Making the Move to Multiple Clouds

Last month’s GCP Next 2016 conference for Google Cloud Platform users reinforced the company’s intent to become a major cloud platform player sooner than later. Google has made it clear that it intends to join the likes of Amazon AWS and Microsoft Azure as leaders in public cloud. As Google makes strides, it will give organizations the ability to move to yet another cloud platform. Earlier this year, Dell’s Jim Ganthier, VP and GM of Engineered Solutions and Cloud, told Mark Cox at Channel Buzz that multi-cloud environments will top the list of key changes in the cloud this year.

I wholeheartedly agree, especially after spending most of March speaking with Dell Systems and Information Management (SIM) customers, partners and sales teams about cloud implementation strategies. For customers, it’s no longer a question of “if” they’re moving to the cloud, but “when” and “how fast” they can get there.

What’s driving the ongoing move to multiple clouds – a combination of on-prem private clouds and several public cloud options – is the freedom to pick what’s best ultimately for the business, based on economics, value and need. Every company has specializations best suited for particular applications and environments, which can be addressed effectively across the gamut of on-prem, private and public cloud implementations.  However, cloud continues to be much of the focus for new IT investments.

As the reality of having multiple cloud types and platforms sinks in, customers are exhibiting a greater sense of urgency to have the right management software tools. After all, enabling multiple clouds introduces a new level of complexity, which is why companies are looking for solutions to help simplify migrations, centralize and reduce management risk, and protect each environment. Also, they want to automate as much administration as possible to collect ample data to provide useful business insights while at the same time freeing up IT time so they can focus on new technologies that will help propel the business forward.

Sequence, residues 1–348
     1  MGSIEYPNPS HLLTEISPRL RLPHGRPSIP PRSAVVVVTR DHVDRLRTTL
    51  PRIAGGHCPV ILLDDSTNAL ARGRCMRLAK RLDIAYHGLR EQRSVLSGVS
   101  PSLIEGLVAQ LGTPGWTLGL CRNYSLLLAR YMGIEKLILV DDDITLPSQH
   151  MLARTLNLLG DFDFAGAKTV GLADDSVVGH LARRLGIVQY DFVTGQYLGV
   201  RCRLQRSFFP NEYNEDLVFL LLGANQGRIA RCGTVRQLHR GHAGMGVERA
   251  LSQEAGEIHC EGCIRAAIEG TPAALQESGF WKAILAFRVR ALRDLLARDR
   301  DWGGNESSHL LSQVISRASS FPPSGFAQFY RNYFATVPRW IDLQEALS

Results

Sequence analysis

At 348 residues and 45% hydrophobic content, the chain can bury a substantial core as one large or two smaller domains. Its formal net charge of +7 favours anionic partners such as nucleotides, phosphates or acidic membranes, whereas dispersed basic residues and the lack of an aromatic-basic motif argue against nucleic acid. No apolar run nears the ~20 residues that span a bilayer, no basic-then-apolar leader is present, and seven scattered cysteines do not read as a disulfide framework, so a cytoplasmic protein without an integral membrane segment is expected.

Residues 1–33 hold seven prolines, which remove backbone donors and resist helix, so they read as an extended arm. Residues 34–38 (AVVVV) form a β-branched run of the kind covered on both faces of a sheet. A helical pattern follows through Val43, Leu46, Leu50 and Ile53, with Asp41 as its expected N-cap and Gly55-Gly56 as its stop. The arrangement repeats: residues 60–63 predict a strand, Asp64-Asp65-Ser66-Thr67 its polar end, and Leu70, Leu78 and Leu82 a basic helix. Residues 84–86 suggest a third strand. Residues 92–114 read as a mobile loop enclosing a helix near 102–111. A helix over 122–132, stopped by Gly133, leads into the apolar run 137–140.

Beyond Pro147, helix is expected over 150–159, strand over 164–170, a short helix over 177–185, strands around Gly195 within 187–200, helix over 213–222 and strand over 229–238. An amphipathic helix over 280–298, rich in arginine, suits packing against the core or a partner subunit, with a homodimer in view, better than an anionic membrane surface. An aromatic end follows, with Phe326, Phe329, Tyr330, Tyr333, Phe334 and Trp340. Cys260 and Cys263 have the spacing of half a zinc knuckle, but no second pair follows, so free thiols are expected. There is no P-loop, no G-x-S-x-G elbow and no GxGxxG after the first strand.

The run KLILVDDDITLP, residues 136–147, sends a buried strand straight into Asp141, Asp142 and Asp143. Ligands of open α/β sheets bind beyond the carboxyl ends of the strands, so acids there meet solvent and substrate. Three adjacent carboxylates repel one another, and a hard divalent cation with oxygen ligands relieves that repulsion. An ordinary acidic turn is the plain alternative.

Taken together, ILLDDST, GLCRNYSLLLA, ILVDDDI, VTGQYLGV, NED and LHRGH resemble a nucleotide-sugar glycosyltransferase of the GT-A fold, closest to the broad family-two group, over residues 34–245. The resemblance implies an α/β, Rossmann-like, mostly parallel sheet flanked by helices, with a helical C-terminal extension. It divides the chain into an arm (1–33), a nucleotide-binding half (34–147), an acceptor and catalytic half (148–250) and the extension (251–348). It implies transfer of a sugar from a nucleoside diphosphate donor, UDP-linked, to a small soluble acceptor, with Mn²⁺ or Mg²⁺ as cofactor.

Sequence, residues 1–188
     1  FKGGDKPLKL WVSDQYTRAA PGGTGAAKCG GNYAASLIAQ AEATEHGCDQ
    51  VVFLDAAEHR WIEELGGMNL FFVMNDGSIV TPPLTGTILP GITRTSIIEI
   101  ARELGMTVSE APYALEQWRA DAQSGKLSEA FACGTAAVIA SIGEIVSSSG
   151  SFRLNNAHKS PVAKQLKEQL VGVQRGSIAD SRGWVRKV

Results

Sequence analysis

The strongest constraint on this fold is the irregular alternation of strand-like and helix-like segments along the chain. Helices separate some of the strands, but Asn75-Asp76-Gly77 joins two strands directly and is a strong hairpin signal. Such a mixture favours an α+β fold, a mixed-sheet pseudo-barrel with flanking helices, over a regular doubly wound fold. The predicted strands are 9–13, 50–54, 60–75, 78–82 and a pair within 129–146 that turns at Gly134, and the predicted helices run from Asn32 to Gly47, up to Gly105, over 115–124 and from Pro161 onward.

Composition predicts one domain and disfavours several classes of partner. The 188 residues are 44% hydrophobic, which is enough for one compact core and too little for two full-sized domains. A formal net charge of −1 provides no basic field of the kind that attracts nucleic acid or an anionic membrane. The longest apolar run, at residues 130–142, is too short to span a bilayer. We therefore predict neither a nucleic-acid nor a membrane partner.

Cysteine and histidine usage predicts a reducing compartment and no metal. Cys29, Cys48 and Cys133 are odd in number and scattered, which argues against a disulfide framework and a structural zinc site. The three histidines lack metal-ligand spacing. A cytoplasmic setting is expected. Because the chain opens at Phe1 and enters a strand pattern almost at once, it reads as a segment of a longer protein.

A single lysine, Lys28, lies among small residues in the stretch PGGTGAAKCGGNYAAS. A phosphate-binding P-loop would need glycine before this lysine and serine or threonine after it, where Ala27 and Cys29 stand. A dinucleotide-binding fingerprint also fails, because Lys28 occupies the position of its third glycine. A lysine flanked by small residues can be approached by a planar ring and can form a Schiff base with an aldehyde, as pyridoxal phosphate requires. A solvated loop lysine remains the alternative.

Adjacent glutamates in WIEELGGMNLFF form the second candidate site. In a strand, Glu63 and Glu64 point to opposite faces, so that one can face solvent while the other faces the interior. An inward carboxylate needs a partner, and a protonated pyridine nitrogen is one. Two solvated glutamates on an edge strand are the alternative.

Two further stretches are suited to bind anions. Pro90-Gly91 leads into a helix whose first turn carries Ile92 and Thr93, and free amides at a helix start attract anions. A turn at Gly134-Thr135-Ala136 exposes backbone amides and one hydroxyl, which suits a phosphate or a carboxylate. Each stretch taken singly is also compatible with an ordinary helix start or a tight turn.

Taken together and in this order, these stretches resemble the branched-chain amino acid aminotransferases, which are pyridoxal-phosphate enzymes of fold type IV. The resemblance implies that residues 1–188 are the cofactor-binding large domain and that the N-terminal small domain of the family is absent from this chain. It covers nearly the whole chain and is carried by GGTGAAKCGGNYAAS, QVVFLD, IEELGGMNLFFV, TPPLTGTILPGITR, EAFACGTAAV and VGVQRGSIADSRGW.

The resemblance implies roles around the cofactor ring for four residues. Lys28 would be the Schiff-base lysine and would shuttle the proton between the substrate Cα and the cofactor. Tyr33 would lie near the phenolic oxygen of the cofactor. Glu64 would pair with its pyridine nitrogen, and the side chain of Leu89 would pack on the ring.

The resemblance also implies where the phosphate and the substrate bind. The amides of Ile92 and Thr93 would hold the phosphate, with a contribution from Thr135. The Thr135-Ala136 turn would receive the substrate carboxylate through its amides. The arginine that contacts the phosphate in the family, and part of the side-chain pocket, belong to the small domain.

For example, in the near future, it will be commonplace for companies to run Active Directory on multiple platforms, such as on-prem, Azure and AWS. The key will be synchronizing AD properly across those different environments so that permissions, distributions lists, and so forth can be updated and managed centrally. Moreover, it’s crucial to ensure that AD environments can be recovered easily and quickly should any instance become corrupted while meeting compliance requirements at every level.

In peeling back the multi-cloud management onion, it’s easy to see how optimizing each layer can be difficult and laborious. That’s why we’ve been making big bets across the SIM portfolio of Windows, Performance Monitoring, Data Protection, Endpoint Systems Management and Database Management solutions to continually add value while easing new multi-cloud complexities. Not only can companies leverage cloud platforms to centralize management of databases and DevOps, they also can quickly roll out new services, such as Disaster Recovery as a Service. Simply put, the growing use of hybrid and multiple clouds is changing the fundamental ways IT thinks about managing IT.

In this new cloud world order, many pain points disappear, but new ones will emerge as customers take advantage of best-in-class PaaS, IaaS, and SaaS capabilities from different providers. For instance, one of the first things we help organizations do is replicate on-prem applications to their cloud-based environment as a failsafe strategy. Once there’s a comfort level with that approach, it’s possible to turn the replication into a true migration to the cloud. In some cases, that same application can be replicated to another cloud for an extra measure of protection.

Taking that one step further, we provide true application recovery—not just replication—in the cloud. In doing so, we’re blurring the lines between business continuity and backup and recovery while enabling Dell customers to leverage the cloud for things they couldn’t do previously.

On the database side, we’re helping countless customers replicate and manage a multi-database environment and leverage our database tools for managing non-traditional databases, including databases running in the cloud. We’re also expanding support for non-traditional databases, like MongoDB and Cassandra, while making it easier for customers to manage all database types in cloud environments.

The same holds true for other parts of the SIM product portfolio, as the common goal is to take existing on-prem tools and make them hybrid-aware while moving forward with SaaS-based offerings for the multi-cloud era. The result: a simpler way to move to the cloud, plus a centralized approach for managing, securing and safeguarding core business applications regardless of where they live.

About the Author: Brett Roscoe